Mark Wunderlich: I'd like to begin with our location and ask you how you became a resident of Provincetown. What was it that drew you here?

Stanley Kunitz: From my early years, when I experienced a certain loneliness at the thought of becoming a poet in this culture, I have been driven to search for a community in which I could feel at home. There are other factors involved in addition to the need for companionship. In general, I've found that I am more at peace with myself when I'm in daily contact with the natural world, either in the country or by the sea, than in an urban situation. In the thirties, during the Great Depression, I acquired a run-down farm of more than a hundred acres, near Storrs, Connecticut, where the state university is now located. The sprawling old house had no heat or electricity or running water, but I managed to make it livable for the brief course of my first marriage. One of my sources of consolation was in the ritual of ploughing the fields with a yoke of white oxen. Afterward, I lived in Bucks County, Pennsylvania, until I was drafted for service in World War II.

Provincetown I came to more or less by accident through my marriage to the painter Elise Asher, who had rented a studio on the beach, smack in the middle of town. That's where we spent our first summer together, in 1957. Five years later we took possession of this property in the West End, where I terraced our hillside plot of sand facing the bay and began to invent a garden that continues to this day to occupy me as a work of imagination still in progress. "Stanley's Folly" is Elise's name for it. Provincetown, I might add, is a place where one is permitted to indulge in one's follies.

Wunderlich: What led you to found the Fine Arts Work Center?

Kunitz: It wasn't a solo operation by any means. I was one of a group of what you might call "concerned citizens" and friends of the arts who met irregularly in the mid-sixties to consider how to restore the town's historic prestige as a vanguard arts community. It was obvious that the older generation of artists was dying out and that the venturesome young were leaving, one by one, for what they perceived to be greener and more golden shores. As a departing painter of the New York School explained to me, "There's no place like Provincetown, but at a certain point, if you intend to make it, the Hamptons are where you have to be."

I find it almost incredible now that out of those chaotic and argumentative sessions, inspired by a slump in the local economy, the concept of the Fine Arts Work Center should have evolved. We are still the only long-term residency program of its kind. Our commitment is to the discovery and nurture of exceptionally gifted artists and writers at that emerging stage when they are ready to work and live, in the company of their peers, outside the academic environment. Louise Glück, Susan Mitchell, Denis Johnson, and Yusef Komunyakaa, to name only a few, are representative of the writers who came here when they were unknown. We look for original talent and a diversity of backgrounds. It's a real gamble, for we have only the signs of early promise to guide us in our choice of applicants; but as the record of almost thirty years shows, we've been extraordinarily astute, or maybe only lucky.

Wunderlich: Over the years you've been responsible for blessing so many younger poets, and for initiating them into the world of contemporary poetry. I'm curious to hear what that relationship to younger poets means to you, and also, I'd like to know who blessed you? Did someone initiate you as a young poet?

Kunitz: I felt very isolated as a young person, the son of immigrants, growing up in Worcester, Massachusetts, early in the century. In that period there was no possibility of conversation or even contact with older poets. In fact, I didn't know another soul with whom I could share my interests. Eventually, after my Harvard years, I gravitated to New York, the magnet city of the arts, where I found an editorial job and began to send out my poems. Among the first periodicals to publish me were Poetry, The Dial, The Nation, The New Republic, and Commonweal, but I was too busy and too shy to make friends easily, so I still felt like an outsider.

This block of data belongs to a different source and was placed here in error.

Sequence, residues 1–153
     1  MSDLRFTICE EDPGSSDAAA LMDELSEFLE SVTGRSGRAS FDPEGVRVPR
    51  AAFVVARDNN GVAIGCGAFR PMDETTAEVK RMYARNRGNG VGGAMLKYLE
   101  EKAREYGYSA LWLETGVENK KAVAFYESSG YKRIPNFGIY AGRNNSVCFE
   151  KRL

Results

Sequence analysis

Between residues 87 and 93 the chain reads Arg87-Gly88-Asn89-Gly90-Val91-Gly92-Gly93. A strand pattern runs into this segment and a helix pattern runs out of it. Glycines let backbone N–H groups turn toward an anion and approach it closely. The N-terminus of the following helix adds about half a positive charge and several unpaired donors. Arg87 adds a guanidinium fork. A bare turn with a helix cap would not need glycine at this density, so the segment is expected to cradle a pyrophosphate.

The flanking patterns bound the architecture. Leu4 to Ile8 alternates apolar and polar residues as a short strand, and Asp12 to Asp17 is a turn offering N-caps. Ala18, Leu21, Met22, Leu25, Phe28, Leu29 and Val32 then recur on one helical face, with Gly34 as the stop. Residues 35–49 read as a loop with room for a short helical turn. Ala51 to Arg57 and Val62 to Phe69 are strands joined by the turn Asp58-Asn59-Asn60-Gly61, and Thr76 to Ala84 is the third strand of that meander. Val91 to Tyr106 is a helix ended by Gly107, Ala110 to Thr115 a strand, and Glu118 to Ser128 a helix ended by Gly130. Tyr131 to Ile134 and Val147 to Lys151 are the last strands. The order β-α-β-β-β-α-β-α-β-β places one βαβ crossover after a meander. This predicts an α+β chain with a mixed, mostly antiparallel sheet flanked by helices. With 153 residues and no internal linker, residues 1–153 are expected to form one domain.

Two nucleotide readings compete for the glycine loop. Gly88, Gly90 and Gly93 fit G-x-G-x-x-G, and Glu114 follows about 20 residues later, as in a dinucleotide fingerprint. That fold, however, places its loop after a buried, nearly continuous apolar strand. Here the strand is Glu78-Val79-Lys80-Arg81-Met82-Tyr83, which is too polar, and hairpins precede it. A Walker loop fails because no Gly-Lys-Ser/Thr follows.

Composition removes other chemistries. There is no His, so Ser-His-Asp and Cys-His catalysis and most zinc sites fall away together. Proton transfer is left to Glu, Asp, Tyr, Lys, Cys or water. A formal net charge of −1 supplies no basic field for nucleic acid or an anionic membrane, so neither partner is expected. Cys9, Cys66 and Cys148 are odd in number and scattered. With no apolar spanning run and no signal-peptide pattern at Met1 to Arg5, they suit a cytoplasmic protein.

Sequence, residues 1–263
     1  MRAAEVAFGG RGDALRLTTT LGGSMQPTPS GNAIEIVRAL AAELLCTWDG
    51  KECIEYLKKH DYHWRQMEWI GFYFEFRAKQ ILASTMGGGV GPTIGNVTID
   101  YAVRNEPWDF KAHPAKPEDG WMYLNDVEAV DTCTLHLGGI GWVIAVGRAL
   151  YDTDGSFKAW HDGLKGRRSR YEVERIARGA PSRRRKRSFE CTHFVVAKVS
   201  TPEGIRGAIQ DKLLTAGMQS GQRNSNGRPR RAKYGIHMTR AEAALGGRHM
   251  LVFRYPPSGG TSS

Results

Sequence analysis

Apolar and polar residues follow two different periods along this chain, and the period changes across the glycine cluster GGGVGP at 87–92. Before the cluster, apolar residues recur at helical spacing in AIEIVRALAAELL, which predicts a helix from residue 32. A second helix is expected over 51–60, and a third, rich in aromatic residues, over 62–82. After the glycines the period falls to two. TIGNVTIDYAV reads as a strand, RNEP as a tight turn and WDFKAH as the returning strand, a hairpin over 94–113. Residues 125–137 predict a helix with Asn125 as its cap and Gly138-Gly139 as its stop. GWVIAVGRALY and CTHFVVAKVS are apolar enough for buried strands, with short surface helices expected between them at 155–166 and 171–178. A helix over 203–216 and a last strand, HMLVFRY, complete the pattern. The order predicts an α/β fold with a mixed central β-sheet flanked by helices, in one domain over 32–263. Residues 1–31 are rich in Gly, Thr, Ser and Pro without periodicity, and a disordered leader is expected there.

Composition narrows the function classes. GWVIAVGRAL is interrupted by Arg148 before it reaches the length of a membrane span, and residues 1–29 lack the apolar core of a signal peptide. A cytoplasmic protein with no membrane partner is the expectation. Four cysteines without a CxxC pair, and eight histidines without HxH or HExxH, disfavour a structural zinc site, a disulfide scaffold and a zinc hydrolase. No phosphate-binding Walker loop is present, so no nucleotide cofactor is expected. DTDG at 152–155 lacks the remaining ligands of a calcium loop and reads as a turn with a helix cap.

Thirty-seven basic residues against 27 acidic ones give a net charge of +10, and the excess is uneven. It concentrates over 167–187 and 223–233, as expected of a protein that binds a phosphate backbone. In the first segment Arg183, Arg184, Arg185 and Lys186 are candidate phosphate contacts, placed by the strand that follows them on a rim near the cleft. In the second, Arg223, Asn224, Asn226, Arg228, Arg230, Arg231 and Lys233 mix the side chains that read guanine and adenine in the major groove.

My life changed when, soon after its opening, Yaddo invited me to be a guest, much to my surprise. In that small summer group—there were only eight or nine of us—I was the child among elders. That was my entry, really, into the world of arts and letters. My first collection, Intellectual Things, was accepted by Doubleday, Doran shortly after. When it appeared in 1930, I was twenty-five. I made a vow then, many times renewed, never to forget how much the gift of friendship and encouragement had meant to me in my youth. As for my companionship with younger poets, I feel that I'm the one who's blessed in that relationship. Even if I wanted to sport with other poets of my age, where on earth would I find them? Besides, "nonagenarian" is such an ugly word! I like to think that all the true poets—young and old, even the dead ones—are contemporaries.

Wunderlich: You said the greatest challenge that you faced was being in isolation. What do you think is the greatest challenge facing young writers today?

Kunitz: As a result of the proliferation of creative writing programs, summer conferences, and workshops, not to speak of the unprecedented availability of poets of established reputation as teachers of their craft, young writers need no longer feel neglected or isolated. I doubt whether any civilization has ever produced so many qualified poets as ours. That's something to boast about. Nevertheless, the general leveling of quality, what I have referred to as the democratization of genius, suggests to me that despite our advantages we are not living in a golden age of poetry, but at best a silver age. Perhaps it's time to question whether the conversion of poetry into an academic discipline is an altogether benign process.

Wunderlich: I think people often associate you with the organizations you helped found and shape—the Work Center, the MFA program at Columbia University, Poets House. How did your experience at Harvard shape your concept of the organizations you helped found?

Kunitz: At Harvard in my time, with its 2 percent quota for Jews and its general air of condescension to ethnic minorities and scholarship students, one had a definite sense of social stratification. Both the Work Center and Poets House are emblematic of the society I yearned for: idealistic, openhearted, and free.